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Chapter 2 : PlasmoDB: The Genome Resource

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PlasmoDB: The Genome Resource, Page 1 of 2

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Abstract:

The Genome Database was introduced in 2000, in response to emerging needs of the malaria research community for access to genomic-scale datasets. In its earliest manifestations, prior to completion of the genome sequence and curated annotation, PlasmoDB focused on automated analysis of available sequence data, enabling researchers to identify draft sequences for specific genes of interest, even in the absence of the surrounding genomic context. The availability of an effectively complete genome sequence has stimulated a wide range of functional genomics research, and PlasmoDB has endeavored to keep pace with these studies, providing access to the underlying datasets, and allowing a variety of integrative queries, e.g., finding all genes for which both transcript and proteomics data suggest expression in gametocyte stage parasites. PlasmoDB will continue to integrate new datasets as they emerge, developing tools of interest to the malaria researcher and facilitating the discovery of new diagnostics, drugs, and vaccines. PlasmoDB provides the user with a variety of analysis tools for examining and extracting information from the genome and predicted proteome, using BLAST, electronic PCRs, defined motif searches, and tools for the analysis of microarray and proteomics data. Gene Pages provide an encyclopedic view of the genome, where it is possible to look up all information about a specified gene. parasites may be gleaned by browsing the genome in Sequence View mode, and information on specific genes may be obtained from the various Gene Pages.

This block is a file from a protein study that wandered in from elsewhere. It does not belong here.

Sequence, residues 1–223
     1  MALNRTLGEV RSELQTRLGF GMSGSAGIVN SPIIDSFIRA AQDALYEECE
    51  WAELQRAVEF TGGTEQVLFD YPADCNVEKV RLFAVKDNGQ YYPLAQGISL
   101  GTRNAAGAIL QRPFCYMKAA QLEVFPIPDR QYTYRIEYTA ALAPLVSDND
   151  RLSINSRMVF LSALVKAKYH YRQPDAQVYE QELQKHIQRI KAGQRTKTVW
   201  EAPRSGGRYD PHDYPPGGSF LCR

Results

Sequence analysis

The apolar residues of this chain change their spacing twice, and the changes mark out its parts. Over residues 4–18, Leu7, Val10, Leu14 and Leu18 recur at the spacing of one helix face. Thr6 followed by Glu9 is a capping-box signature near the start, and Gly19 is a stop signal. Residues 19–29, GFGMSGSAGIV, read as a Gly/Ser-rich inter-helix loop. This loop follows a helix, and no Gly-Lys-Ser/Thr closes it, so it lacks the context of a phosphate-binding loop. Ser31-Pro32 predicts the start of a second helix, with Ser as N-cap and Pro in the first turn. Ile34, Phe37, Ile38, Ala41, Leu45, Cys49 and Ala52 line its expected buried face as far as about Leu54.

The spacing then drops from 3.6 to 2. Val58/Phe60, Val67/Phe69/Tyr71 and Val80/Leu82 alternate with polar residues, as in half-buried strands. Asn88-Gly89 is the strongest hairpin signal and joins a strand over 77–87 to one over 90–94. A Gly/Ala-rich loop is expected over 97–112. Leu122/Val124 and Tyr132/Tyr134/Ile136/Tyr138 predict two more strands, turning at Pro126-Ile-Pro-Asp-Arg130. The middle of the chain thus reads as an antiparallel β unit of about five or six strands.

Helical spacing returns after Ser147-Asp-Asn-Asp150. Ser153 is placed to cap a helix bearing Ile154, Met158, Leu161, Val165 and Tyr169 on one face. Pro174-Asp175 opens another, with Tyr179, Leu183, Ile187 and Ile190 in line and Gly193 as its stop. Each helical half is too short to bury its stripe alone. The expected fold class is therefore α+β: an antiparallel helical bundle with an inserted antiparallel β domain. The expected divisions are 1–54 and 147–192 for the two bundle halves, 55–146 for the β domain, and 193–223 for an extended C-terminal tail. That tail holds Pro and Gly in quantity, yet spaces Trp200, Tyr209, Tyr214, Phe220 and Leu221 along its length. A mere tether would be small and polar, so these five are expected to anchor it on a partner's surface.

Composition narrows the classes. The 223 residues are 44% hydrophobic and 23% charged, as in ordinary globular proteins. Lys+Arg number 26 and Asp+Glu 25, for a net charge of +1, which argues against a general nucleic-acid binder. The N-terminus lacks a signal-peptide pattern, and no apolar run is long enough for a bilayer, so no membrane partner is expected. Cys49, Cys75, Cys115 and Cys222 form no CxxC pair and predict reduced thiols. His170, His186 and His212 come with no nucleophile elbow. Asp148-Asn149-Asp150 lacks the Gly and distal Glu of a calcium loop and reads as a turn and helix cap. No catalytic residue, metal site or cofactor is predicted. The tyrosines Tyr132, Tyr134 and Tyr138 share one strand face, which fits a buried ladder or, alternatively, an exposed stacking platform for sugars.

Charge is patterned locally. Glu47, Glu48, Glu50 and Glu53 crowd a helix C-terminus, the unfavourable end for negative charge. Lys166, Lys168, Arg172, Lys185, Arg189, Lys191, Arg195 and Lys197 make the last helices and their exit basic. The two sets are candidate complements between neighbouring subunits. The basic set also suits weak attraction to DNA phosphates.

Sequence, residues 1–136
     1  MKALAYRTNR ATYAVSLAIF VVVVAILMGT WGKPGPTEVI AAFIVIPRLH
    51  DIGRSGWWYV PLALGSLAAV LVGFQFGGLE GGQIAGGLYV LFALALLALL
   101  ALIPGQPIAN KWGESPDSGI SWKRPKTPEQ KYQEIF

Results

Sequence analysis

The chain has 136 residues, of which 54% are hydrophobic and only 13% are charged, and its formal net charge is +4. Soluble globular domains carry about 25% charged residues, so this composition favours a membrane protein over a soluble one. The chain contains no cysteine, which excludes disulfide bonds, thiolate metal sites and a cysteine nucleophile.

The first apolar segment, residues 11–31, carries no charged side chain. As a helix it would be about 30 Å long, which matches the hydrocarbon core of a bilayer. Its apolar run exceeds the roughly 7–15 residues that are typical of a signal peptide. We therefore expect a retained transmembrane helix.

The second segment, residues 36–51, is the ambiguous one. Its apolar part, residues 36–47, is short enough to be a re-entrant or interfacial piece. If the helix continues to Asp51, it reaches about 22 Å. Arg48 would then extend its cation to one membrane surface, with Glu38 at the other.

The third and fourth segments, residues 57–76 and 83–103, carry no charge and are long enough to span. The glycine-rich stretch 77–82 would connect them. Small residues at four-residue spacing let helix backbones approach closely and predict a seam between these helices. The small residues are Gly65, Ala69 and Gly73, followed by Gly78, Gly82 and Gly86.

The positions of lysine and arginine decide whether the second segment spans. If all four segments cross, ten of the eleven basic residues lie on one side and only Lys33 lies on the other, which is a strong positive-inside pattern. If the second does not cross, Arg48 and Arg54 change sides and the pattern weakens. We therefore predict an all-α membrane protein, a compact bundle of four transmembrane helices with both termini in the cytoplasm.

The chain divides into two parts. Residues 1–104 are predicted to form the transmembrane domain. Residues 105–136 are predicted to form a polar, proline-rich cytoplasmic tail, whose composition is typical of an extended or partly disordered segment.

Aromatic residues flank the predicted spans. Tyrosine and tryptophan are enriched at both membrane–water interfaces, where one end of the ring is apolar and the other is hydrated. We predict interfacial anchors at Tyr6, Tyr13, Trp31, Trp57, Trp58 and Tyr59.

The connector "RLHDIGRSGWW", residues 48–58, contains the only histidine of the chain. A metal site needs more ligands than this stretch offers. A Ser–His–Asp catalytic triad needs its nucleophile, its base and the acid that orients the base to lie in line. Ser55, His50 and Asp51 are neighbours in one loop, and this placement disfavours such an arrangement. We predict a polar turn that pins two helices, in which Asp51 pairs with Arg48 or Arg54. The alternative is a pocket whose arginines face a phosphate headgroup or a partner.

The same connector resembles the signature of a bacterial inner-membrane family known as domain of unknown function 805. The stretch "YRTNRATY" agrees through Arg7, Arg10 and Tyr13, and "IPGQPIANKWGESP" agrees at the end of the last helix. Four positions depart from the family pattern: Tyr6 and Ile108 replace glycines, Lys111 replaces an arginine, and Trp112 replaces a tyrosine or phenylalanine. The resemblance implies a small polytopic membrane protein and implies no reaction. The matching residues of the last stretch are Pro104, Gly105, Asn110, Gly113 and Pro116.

Citation: Whetzel P, Date S, Gajria K, Fraunholz M, Gajria B, Grant G, Iodice J, Labo P, Milgram A, Stoeckert C, Roos D, Kissinger J. 2005. PlasmoDB: The Genome Resource, p 12-23. In Sherman I (ed), Molecular Approaches to Malaria. ASM Press, Washington, DC. doi: 10.1128/9781555817558.ch2

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Merozoite Surface Protein 1
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FIGURE 1

Gene Queries using PlasmoDB. A wide variety of dynamic queries may be formulated to interrogate the PlasmoDB database, using pull-down menus available on the home page (also accessible via the Queries button on the blue tool bar, via the help and tutorial pages, and from links at relevant locations throughout the site). Three queries are shown, focused on characteristics that might be of interest to researchers seeking to mine the database for candidate vaccine antigens: (i) a search for genes predicted to encode a secretory signal sequence, (ii) a search for genes that are abundantly transcribed in late schizonts, and (iii) a search for genes that are conserved in but not in the human or mouse genomes.

Citation: Whetzel P, Date S, Gajria K, Fraunholz M, Gajria B, Grant G, Iodice J, Labo P, Milgram A, Stoeckert C, Roos D, Kissinger J. 2005. PlasmoDB: The Genome Resource, p 12-23. In Sherman I (ed), Molecular Approaches to Malaria. ASM Press, Washington, DC. doi: 10.1128/9781555817558.ch2
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Image of FIGURE 2
FIGURE 2

Integrating gene queries by using the History function. The History page, accessible via the blue tool bar at the top of each page, provides a list of all queries conducted during the current session. Using the boxes at left to specify individual queries of continuing interest permits these datasets to be combined (union), subtracted, or intersected. Intersecting the three queries defined in Figure 1 yields 20 genes that satisfy the specified criteria with respect to phylogenetic distribution, expression, and predicted subcellular location. This list includes merozoite surface protein 1, apical membrane antigen 1, and numerous hypothetical proteins that may warrant further investigation as candidate vaccine antigens.

Citation: Whetzel P, Date S, Gajria K, Fraunholz M, Gajria B, Grant G, Iodice J, Labo P, Milgram A, Stoeckert C, Roos D, Kissinger J. 2005. PlasmoDB: The Genome Resource, p 12-23. In Sherman I (ed), Molecular Approaches to Malaria. ASM Press, Washington, DC. doi: 10.1128/9781555817558.ch2
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